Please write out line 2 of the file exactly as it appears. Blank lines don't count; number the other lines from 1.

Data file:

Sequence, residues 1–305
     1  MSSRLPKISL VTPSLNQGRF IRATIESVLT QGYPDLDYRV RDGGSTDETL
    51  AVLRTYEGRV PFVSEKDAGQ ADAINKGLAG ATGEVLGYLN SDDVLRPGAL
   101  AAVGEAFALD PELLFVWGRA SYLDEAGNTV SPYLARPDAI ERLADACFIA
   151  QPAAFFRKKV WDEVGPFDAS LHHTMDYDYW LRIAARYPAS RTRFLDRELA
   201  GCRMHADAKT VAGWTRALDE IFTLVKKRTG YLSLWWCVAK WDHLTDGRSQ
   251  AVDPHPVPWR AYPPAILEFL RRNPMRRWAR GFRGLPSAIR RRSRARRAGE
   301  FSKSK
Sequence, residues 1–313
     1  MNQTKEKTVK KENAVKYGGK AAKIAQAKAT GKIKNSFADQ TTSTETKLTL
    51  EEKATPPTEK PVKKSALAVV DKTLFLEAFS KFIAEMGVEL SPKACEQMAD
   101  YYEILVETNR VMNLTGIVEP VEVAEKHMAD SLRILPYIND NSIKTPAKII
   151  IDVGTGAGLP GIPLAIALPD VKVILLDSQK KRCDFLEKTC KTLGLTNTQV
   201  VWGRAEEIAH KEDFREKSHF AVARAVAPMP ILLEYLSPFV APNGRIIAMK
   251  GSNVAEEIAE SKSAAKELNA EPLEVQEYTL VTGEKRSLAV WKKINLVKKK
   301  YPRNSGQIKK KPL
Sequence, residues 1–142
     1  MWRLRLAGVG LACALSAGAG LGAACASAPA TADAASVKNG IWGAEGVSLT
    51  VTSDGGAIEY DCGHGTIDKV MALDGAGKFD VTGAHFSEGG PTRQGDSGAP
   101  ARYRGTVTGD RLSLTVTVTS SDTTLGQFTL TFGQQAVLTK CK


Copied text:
     1  MSSRLPKISL VTPSLNQGRF IRATIESVLT QGYPDLDYRV RDGGSTDETL